Discussion in 'Black and White' started by Will Karstens, Dec 9, 2015.
waiting for direction by Will Karstens
I was going to say it's ever so slightly soft, but then noticed the shutter speed of 1/30th sec (exif data on the Flickr image). Nicely done
Do you think if I had shifted to spot focus on the nose, and run a more parallel line of focus along the bridge of the nose, perhaps it would have come out a bit better?
This would, of course, entail Dottie holding still...
Well, chances of Dottie sitting still is probably remote. Further to the fact that spotting her nose first and moving forward to the level of her eye would likely have given a similar result, as her left eye looks like it may have been marginally further back than her right. Another words, she wasn't full on facing you.
Dogs are notoriously difficult to photograph with paper thin depth of field, although good results are definitely worth the effort and frustrations!
One potential route would be to use continuous focus and spot the eye, firing a few shots.
Dottie will likely react to the shutter being actuated, so subsequent images may have an interested Dottie, or possibly the reverse.
Thanks Michael. I'm learning this new lens (and learning in general), your insight is very helpful!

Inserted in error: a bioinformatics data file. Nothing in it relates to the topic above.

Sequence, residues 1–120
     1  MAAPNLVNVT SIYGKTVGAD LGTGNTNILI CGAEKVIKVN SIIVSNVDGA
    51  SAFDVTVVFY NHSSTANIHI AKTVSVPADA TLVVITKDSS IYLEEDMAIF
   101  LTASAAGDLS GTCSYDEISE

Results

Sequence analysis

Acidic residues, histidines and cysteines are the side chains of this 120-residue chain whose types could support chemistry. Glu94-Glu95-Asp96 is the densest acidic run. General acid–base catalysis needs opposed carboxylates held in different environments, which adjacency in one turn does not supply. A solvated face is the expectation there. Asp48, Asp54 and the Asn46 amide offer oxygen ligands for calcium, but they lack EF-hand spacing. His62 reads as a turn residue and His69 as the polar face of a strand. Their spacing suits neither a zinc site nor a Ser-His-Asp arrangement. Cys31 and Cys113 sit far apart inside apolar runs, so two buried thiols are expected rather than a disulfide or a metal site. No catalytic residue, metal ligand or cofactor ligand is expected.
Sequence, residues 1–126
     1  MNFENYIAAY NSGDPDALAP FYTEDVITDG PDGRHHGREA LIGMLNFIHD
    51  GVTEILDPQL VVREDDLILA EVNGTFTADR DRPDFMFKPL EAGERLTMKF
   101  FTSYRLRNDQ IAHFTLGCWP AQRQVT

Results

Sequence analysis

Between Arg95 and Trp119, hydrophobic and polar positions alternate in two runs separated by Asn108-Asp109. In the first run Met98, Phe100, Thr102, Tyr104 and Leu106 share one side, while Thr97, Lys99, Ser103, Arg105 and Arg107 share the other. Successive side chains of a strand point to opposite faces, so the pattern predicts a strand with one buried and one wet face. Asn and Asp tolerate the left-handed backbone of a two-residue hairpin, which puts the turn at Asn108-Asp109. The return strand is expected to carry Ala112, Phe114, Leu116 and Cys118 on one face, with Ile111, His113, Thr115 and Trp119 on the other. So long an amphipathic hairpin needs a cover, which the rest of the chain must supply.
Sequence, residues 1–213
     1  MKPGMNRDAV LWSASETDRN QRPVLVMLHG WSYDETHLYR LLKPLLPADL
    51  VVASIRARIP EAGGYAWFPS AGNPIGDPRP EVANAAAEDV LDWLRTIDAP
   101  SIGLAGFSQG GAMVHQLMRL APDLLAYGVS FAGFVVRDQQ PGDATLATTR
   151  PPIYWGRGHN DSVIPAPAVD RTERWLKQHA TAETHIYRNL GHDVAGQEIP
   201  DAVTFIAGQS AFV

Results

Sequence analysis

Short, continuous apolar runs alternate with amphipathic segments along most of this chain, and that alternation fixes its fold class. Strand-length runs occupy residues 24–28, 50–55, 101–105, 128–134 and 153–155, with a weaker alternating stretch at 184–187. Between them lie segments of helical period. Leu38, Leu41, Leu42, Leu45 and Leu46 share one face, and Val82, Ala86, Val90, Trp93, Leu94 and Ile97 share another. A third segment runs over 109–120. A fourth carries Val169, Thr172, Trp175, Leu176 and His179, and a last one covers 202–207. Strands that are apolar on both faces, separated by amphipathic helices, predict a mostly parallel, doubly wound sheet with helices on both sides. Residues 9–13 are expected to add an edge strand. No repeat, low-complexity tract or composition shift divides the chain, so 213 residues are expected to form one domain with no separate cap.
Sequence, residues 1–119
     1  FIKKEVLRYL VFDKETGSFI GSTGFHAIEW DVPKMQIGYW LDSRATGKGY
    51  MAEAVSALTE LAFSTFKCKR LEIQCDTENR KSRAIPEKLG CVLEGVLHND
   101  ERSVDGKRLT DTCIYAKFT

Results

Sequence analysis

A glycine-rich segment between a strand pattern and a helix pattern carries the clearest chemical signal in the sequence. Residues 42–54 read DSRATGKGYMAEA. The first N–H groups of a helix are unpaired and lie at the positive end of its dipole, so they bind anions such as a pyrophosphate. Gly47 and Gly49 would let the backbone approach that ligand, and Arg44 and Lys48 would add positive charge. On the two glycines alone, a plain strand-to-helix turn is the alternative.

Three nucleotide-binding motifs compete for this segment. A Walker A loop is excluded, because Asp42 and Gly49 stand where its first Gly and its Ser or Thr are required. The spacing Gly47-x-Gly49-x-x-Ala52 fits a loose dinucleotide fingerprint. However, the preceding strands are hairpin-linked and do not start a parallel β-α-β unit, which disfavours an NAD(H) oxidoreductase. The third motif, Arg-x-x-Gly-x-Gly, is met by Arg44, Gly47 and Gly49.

Incidentally, she looks a stunner.
She belongs to my brother. My dog looks like this: (incidentally, this was probably the first picture with the G7 after we got it.)
Yupa, Brutus - uneasy alliance (new camera) by William Karstens, on Flickr
He's a Lhasa Ahpsa. That's Latin for Mop - with no handle. Pet photography isn't much of a draw, but they're a challenge to line up and learn the camera with. So, it will probably be a default to a few photos learning how the G7 works.
For me, this would have been a manual focus shot. Once the focus was close to what I wanted, I would fine tune by moving the camera, following any small movements of the dog as well. I am shooting a GX7 which has excellent focus peaking. I'd expect the (newer) G7 to have good peaking as well though I'm not hampered by any experience with that camera.
Sometimes it's easier to just do what we want rather than fiddling with the automatic stuff, trying to coax it into doing what we want.
I'm assuming you mean it's not much of a daw for you personally, as a photographer.
Here, it's a big draw for clients. So much so, we had set up a separate Facebook page for it, and we can have one or two pet specific shoots a week. They have to be slotted in around our main commercial work, and at the moment we aren't doing anything by way of advertising, other than putting the odd image on facebook.
If I ever get on top of the list of various web associated tasks I have lined up, I will sort a pet specific entry on the portraits site, and start to push it, just to see where it goes.
A great perspective! Which lens are you using Will? Kit lens?
I'm no pet photo expert, but from my limited experience I would normally just follow them around shooting bursts. You are bound to get a keeper that way right? Haha.
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